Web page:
Had to investigate a problem where monit (a small but powerful daemon to check processes) had restarted the process of an application server.
The application server itself serves a web application and listens on port 8088. The monit check looks like this:
check process application matching "/srv/application/deploy/bin/application"
start program = "/etc/init.d/application start"
stop program = "/etc/init.d/application stop"
if failed host 127.0.0.1 port 8088 protocol http then restart
if 5 restarts within 5 cycles then timeout
In the monit logs (/var/log/monit.log) the restart can clearly be seen:
[CEST Oct 5 20:26:49] error : 'application' failed protocol test [HTTP] at INET[127.0.0.1:8088] via TCP -- HTTP: Error receiving data -- Resource temporarily unavailable
[CEST Oct 5 20:26:49] info : 'application' trying to restart
[CEST Oct 5 20:26:49] info : 'application' stop: /etc/init.d/application
I also checked our Icinga monitoring if it did see the same problem. But no, Icinga's HTTP check worked. Then I double-checked with previous monit restarting actions. In the past, when the http request on port 8088 was not reachable, monit logged the following line:
error : 'application' failed, cannot open a connection to INET[127.0.0.1:8088] via TCP
But in this case the logged event clearly says:
'application' failed protocol test [HTTP] at INET[127.0.0.1:8088] via TCP -- HTTP: Error receiving data -- Resource temporarily unavailable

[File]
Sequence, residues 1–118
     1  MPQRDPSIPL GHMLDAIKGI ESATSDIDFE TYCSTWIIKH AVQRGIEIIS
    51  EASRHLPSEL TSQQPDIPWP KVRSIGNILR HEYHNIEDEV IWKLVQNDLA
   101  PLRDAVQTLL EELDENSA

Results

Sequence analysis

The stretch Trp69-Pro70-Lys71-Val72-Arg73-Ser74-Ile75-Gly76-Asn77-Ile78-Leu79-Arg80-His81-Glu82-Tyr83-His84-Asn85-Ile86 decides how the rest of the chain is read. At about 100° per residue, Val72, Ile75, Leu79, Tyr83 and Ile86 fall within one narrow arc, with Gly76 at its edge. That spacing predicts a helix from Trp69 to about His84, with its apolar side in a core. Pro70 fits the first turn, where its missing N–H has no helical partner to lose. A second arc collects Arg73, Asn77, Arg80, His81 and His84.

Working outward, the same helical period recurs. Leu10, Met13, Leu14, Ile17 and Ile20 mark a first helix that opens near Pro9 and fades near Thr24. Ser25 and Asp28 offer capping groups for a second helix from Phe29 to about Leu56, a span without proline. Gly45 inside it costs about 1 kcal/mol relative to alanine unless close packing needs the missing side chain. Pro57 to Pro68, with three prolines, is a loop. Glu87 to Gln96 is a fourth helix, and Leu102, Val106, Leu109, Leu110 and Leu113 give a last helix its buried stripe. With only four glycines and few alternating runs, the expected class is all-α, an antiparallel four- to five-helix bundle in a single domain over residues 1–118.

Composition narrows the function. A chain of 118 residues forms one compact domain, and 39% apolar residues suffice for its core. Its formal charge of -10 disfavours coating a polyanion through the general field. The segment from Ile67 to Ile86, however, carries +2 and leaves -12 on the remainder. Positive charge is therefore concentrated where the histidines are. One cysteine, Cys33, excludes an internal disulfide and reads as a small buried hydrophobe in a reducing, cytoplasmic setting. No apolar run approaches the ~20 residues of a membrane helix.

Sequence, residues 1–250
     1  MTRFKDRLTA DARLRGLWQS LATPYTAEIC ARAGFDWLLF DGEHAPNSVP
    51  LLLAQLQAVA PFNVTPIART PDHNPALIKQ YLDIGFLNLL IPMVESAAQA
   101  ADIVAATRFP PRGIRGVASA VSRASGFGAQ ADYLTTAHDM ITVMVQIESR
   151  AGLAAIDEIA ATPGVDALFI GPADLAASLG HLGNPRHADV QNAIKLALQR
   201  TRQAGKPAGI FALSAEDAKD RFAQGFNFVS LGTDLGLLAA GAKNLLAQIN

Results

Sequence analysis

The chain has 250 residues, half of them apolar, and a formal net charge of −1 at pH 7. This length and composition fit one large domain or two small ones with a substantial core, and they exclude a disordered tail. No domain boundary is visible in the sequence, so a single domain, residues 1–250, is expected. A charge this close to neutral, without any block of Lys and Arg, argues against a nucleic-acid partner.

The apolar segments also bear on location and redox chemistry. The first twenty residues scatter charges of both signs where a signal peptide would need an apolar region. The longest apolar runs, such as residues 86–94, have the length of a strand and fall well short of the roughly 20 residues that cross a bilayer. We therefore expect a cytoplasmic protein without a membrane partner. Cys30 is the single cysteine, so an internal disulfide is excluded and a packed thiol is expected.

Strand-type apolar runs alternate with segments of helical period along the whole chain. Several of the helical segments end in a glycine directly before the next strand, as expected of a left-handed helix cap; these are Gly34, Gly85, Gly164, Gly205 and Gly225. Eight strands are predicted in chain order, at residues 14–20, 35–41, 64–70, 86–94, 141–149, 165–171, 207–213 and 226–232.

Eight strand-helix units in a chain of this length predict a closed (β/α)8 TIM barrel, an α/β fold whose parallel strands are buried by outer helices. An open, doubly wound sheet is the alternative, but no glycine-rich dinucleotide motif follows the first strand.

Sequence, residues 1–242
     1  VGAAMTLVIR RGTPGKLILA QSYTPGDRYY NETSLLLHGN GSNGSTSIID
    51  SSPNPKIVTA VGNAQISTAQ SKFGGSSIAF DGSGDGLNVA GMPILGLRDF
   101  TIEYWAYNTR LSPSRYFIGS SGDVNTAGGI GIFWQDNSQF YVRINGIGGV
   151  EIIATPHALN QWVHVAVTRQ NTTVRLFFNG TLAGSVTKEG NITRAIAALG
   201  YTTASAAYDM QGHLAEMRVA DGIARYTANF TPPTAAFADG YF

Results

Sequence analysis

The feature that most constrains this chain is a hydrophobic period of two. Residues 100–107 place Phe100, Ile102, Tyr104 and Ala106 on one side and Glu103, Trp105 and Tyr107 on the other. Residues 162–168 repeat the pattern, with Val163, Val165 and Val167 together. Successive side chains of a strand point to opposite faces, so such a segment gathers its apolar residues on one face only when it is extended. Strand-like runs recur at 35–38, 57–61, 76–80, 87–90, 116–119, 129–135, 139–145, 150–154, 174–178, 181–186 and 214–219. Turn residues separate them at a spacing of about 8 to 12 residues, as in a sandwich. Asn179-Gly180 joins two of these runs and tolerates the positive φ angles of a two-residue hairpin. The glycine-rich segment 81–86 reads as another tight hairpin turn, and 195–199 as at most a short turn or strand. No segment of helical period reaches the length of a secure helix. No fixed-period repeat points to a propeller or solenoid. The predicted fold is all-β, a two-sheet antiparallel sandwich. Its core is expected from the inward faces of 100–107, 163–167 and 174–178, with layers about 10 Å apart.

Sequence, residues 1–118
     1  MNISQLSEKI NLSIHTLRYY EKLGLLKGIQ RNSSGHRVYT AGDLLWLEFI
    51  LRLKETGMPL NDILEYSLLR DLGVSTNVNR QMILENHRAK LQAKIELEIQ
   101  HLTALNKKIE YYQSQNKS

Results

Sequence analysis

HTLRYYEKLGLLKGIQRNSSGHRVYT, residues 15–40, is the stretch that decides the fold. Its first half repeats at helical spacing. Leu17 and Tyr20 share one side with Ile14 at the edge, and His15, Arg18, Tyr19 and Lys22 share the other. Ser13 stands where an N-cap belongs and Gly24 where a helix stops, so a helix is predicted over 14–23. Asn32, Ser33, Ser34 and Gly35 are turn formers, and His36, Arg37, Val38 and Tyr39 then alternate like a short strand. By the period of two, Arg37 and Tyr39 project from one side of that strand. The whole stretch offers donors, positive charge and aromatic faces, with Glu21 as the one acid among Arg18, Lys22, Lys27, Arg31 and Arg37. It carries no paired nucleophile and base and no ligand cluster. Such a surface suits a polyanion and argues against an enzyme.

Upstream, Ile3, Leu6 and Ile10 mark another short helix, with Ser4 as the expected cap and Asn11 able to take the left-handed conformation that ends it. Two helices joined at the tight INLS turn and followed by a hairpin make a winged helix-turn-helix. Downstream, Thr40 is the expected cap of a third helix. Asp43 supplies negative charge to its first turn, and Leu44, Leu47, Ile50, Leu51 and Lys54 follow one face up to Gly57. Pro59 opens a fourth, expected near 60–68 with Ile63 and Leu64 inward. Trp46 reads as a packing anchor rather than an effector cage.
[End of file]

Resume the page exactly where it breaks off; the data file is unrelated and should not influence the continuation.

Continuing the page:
The difference is therefore clearly on layer 7. The port was up - but inside the http protocol something was wrong. The message "resource temporarily unavailable" sounded somewhat familiar to me. I manage a lot of reverse proxies and whenever the upstream/backend server is gone, a 50x error is shown with a similar message. I asked the developer of this application if the application serves a 5xx. Turns out - almost; A backend resource of the application was not available in that very moment and the application, by its design, started to respond with http status 423 (Locked). I checked the monit documentation and indeed found a very important information:
STATUS option can be used to explicitly test the HTTP status code returned by the HTTP server. If not used, the HTTP protocol test will fail if the status code returned is greater than or equal to 400. You can override this behaviour by using the status qualifier.
Here we go. monit expects by default a http status of =< 400. As soon as the application returned a 423, monit considered the application failed and restarted it.
To solve this problem, a specially crafted application URL will from now on be requested (by using the "request" option in the monit check) which always returns a http status 200 as long as the application itself is running.
No comments yet.
AWS Android Ansible Apple Atlassian Automation BSD Backup Bash Bluecoat CMS Chef Cloud Consul Container Containers CouchDB DB DNS Database Databases Docker ELK ElasticSearch Elasticsearch Filebeat FreeBSD GlusterFS Grafana Graphics HAProxy HTML Hacks Hardware Icinga Icingaweb2 InfluxDB Internet Java Kibana Kubernetes LXC Linux Logstash Mac Macintosh Mail MariaDB Minio MongoDB Monitoring Multimedia MySQL NFS Nagios Network Nginx OSSEC OTRS PGSQL PHP Perl Personal PostgreSQL Postgres PowerDNS Proxmox Proxy Rancher SSL Security Shell SmartOS Solaris Surveillance SystemD TLS Tomcat Ubuntu Unix VMware Varnish Virtualization Windows Wireless Wordpress Wyse ZFS Zoneminder